It’s “What have you been watching?”, your chance to recommend to fellow TMINE readers anything you’ve been watching this week
This week’s reviews
Since I took the radical move of having a day off on Friday (and most of Thursday), it’s been a slightly reviews-light week this week. However, I did cover the whole of season two of Impulse (YouTube), which you should definitely watch. Never mind the width – feel the quality.
What’s coming this week
The aforementioned day off meant I actually had some time to watch a couple of movies this week, so Orange Thursday tomorrow will be taking in both Spider-Man: Far From Home (2019) and Terminator: Dark Fate (2019).
Friday is, of course, November 1, but it’s also the beginning of Fall 2019 – Part Three, since as well as Amazon giving us the second season of Tom Clancy’s Jack Ryan, Apple is finally launching its Apple TV+ streaming service with no fewer than four new series: The Morning Show, See, Dickinson and For All Mankind.
Which of those will be Boxset Monday and/or Tuesday, I can’t say, but I suspect it’ll be either Tom Clancy’s Jack Ryan or For All Mankind. Or both.
And I still might get round to watching season one of Modern Love (Amazon), season two of The Hookup Plan (Netflix), season one of Beau Séjour (Belgium: Éen; UK: Walter Presents) or season two of The Kominsky Method (Netflix).
Another new show starting within the next week is His Dark Materials (UK: BBC One), but I’ll probably skip that. You never know though.
Bar Stumptown, which took a day off last week, too, it’s the usual usual after the jump: Batwoman, Engrenages (Spiral), Evil, Magnum PI, Mr InBetween, Mr Robot, Titans, Total Control, Treadstone and Watchmen. I also watched a couple of Star Trek: Short Treks. And joining all of them is the returning Silicon Valley.
That’s a lot, isn’t it? Time for a cull…
Star Trek: Short Treks (US: CBS All Access; UK: Netflix)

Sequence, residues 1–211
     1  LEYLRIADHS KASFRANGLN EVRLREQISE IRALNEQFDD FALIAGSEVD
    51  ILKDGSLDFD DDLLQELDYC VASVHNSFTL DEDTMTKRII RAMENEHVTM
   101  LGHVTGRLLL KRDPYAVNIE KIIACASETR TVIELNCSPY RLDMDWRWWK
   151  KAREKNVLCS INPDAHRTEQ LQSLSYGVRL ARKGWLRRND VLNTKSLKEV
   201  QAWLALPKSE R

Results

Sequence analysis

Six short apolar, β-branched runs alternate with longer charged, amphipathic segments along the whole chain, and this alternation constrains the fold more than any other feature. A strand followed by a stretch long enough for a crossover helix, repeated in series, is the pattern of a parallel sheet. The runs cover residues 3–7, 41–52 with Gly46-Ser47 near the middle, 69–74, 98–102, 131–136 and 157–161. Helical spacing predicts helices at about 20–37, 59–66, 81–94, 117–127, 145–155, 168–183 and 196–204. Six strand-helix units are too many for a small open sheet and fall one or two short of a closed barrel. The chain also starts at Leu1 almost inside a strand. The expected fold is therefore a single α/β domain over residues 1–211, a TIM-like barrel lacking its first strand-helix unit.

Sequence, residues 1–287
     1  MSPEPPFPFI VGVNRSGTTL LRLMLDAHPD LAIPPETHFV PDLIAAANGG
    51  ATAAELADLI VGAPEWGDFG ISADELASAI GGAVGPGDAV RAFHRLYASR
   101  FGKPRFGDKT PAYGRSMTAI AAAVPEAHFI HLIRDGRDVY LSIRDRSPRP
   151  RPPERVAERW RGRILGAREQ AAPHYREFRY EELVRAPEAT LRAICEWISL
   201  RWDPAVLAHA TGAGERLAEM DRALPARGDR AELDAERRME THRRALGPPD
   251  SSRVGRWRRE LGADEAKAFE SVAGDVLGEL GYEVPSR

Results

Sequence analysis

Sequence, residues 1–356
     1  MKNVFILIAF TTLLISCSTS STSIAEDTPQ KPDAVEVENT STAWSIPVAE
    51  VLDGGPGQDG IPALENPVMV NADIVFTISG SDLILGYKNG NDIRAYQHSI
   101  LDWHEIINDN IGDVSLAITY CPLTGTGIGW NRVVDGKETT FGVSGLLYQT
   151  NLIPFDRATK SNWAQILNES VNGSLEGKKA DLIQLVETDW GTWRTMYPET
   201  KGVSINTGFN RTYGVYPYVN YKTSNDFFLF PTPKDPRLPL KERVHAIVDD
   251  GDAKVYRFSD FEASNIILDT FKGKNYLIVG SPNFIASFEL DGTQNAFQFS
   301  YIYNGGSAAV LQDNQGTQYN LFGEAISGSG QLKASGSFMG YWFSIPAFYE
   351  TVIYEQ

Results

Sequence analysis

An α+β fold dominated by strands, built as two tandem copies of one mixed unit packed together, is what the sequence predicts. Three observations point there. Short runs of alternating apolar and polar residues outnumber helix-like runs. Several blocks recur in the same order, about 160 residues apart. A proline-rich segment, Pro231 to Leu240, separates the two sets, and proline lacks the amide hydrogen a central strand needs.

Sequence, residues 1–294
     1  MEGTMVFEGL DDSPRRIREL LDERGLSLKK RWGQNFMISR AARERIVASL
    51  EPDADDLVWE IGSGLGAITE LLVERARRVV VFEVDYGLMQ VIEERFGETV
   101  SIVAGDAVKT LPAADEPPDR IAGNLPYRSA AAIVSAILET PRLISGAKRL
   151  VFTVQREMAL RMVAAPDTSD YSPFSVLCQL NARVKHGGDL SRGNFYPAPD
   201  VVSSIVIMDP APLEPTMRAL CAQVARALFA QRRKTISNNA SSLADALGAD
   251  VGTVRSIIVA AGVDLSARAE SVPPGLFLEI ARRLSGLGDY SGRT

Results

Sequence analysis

Not technically a new show – or even a show, given TMINE doesn’t do short-form – Star Trek: Short Treks are basically what the UK sees as the equivalent of DVD extras at the end of the Netflix rundown for each season of Star Trek: Discovery. In the US, though, they air separately on CBS All Access and no fewer than six of various kinds (some animated) are winging their way out over the Internet airwaves at various points over the new few months.
Normally, I wouldn’t have bothered, since I ended up concluding I would give up Star Trek: Discovery at the end of last season. But these are actually intended to give the public something they really do want – more of the Captain Pike Enterprise.
The first, Q&A, is actually a prequel to the prequel, giving us Spock’s arrival on the Enterprise as an ensign, where he meets Number One for the first time. The two of them spend the entire ‘episode’ outnerding each other, while stuck in a turbolift – supertextually, of course, Spock took on most of Number One’s character traits when NBC ruled Gene Roddenberry could have Spock or Number One but not both characters in the show.
It fleshed out both characters, who have rarely had much character time together. I really liked it.
The second, The Trouble With Edward, only briefly features the Enterprise crew and is largely set on a science vessel where the voice of Archer is genetically engineering Tribbles to become the things we’ve come to know and love. It’s a far more comedic and daft affair than Q&A, but it will make you laugh, that’s for sure.
Really, just make a TV show about these characters, you numpties. I’d watch that.
Shows I’m watching but not necessarily recommending
Batwoman (US: The CW)
1×4 – Who Are You?
First for the cull (I suspect) is Batwoman. To be fair, the episode actually had a sense of humour, and for the first time Ruby Rose’s Batwoman actually felt like a decent character and she might actually be quite good at comedy.